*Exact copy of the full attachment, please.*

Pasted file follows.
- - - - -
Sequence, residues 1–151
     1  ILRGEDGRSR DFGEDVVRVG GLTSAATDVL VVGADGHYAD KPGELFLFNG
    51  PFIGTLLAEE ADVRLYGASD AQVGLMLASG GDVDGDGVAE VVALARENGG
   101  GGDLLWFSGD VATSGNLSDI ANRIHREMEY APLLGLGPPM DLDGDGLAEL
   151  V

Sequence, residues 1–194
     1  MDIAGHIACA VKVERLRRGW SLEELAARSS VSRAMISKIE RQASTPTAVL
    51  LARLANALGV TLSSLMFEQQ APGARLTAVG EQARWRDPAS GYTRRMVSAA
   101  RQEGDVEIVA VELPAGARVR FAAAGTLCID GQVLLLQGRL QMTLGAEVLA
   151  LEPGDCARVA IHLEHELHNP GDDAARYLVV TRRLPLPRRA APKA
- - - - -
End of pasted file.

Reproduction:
Sequence, residues 1–151
     1  ILRGEDGRSR DFGEDVVRVG GLTSAATDVL VVGADGHYAD KPGELFLFNG
    51  PFIGTLLAEE ADVRLYGASD AQVGLMLASG GDVDGDGVAE VVALARENGG
   101  GGDLLWFSGD VATSGNLSDI ANRIHREMEY APLLGLGPPM DLDGDGLAEL
   151  V

Sequence, residues 1–194
     1  MDIAGHIACA VKVERLRRGW SLEELAARSS VSRAMISKIE RQASTPTAVL
    51  LARLANALGV TLSSLMFEQQ APGARLTAVG EQARWRDPAS GYTRRMVSAA
   101  RQEGDVEIVA VELPAGARVR FAAAGTLCID GQVLLLQGRL QMTLGAEVLA
   151  LEPGDCARVA IHLEHELHNP GDDAARYLVV TRRLPLPRRA APKA